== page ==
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China considered more at risk from warming

By LI HONGYANG | | Updated: 2024-01-20 00:24
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The trend of climate change will continue for the foreseeable future and humanity will face a hotter and often drier tomorrow, experts from the National Climate Center warned at a news conference on Friday.

It is crucial to enhance the ability to make a timely response to extreme natural disasters, they said.

According to the center's forecast for January and February, most parts of China are expected to have temperatures close to average levels during the late winter period.

However, there will be periods of volatile cold air sweeping across the country, particularly in the south, where precipitation is expected to be above normal.

In the coming spring, temperatures across the country are expected to be higher than usual, with nationwide precipitation levels ranging from normal to above normal.

Last year, China experienced its highest average temperature since 1961, reaching 10.7 C, surpassing the typical average annual temperature by 0.8 C, the center said. This broke the previous record for the period set in 2021 at 10.5 C.

Despite the warming trend, extreme weather events — including cold waves and snowstorms — have occurred with greater frequency and intensity.

Last January, Mohe in Heilongjiang province set a record for a lowest temperature of -53 C, breaking the previous record set in February 1969, the center said.

Zhou Bing, chief expert at the center, said at the news conference that people should prepare for compounded climate-related events in China.

"Extreme precipitation events have become more frequent and intense. Heat waves and associated floods occur more frequently," Zhou said.

Parched and arid lands are considerably less capable of absorbing heavy rains when they occur.

The World Meteorological Organization warned early in 2016 about a future with hotter and drier conditions.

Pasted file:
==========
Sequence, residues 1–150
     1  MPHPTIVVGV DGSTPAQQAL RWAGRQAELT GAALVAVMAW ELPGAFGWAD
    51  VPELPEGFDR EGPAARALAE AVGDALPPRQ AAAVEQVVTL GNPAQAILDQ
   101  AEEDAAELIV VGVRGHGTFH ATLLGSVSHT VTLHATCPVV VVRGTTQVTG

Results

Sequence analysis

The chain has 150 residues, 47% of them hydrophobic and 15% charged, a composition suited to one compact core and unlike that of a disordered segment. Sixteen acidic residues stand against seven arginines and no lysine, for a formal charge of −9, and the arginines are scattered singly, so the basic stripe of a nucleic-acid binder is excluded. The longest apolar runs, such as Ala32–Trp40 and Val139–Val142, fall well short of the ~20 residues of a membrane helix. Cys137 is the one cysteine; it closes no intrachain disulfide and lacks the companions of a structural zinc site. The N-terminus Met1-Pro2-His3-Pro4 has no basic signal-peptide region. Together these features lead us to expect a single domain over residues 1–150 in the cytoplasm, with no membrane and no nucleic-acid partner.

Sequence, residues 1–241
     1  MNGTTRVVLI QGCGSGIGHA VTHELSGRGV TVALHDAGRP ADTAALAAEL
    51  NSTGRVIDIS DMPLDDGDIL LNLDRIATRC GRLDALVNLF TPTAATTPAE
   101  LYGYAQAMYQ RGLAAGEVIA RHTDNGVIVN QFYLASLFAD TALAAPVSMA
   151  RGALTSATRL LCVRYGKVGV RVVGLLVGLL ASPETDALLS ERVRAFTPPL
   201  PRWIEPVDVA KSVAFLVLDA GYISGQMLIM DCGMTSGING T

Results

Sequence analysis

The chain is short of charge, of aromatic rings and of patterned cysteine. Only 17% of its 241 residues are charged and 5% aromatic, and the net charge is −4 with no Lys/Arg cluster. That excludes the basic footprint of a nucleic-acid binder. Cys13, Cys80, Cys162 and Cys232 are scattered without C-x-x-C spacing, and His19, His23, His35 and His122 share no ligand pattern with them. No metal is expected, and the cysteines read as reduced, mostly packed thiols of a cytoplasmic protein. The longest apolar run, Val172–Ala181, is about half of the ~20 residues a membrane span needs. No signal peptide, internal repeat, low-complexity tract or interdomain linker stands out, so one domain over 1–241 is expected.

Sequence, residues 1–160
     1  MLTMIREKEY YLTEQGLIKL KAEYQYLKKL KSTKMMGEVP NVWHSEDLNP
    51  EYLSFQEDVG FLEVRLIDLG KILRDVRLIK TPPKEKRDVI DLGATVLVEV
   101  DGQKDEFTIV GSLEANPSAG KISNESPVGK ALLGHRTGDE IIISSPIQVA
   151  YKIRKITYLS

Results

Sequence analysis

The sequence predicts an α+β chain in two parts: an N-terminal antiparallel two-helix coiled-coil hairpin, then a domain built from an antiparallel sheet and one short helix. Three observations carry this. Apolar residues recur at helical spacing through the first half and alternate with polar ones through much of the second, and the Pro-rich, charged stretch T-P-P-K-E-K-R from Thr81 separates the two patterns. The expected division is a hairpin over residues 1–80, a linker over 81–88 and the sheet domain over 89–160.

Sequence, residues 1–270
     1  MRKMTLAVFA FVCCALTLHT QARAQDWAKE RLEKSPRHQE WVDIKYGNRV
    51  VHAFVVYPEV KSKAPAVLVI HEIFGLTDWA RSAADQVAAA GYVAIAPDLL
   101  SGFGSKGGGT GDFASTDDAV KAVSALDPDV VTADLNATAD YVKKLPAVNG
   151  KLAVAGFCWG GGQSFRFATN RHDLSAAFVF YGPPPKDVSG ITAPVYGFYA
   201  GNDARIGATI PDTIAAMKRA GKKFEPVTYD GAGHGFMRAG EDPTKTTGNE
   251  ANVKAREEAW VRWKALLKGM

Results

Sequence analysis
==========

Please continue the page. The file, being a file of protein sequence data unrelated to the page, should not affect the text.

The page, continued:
"Given China's diverse topography and climate, the country stands as one of the most sensitive nations to global climate change," he said.

High-temperature heat waves, mixed with freezing events, droughts, heavy rainfall, flooding, typhoons, dust storms and strong winds, are expected to occur frequently, with high intensity and wide-reaching impact, he added.

"Extreme weather may deviate from traditional patterns, making climate risks more difficult to predict," Zhou said.

Jia Xiaolong, deputy director of the center, said that the atmosphere over the Arctic region is absorbing more heat, exacerbating warming north of the Arctic Circle. Cold air masses are deviating from their typical polar positions, making high-latitude intense cold air more prone to moving southward. As a result, frigid air masses, snowstorms and cold front conditions are occurring more frequently.

Jia said human activity is the primary cause of the recent increase in greenhouse gas concentrations in the atmosphere, which in turn is driving global climate change.

"There is a pressing need to prioritize climate security, slow global warming and enhance meteorological disaster prevention and mitigation capabilities," he said.

Jia said people need to recognize their own roles both as contributors to greenhouse gas emissions and as victims of increased extreme weather events amid climate change.

"Residents in northern regions that experience less rain than in the south, for example, need to learn more about heavy rainfall disasters, properly interpret meteorological disaster warnings issued by the government and be aware of the locations of nearby evacuation shelters," he added.

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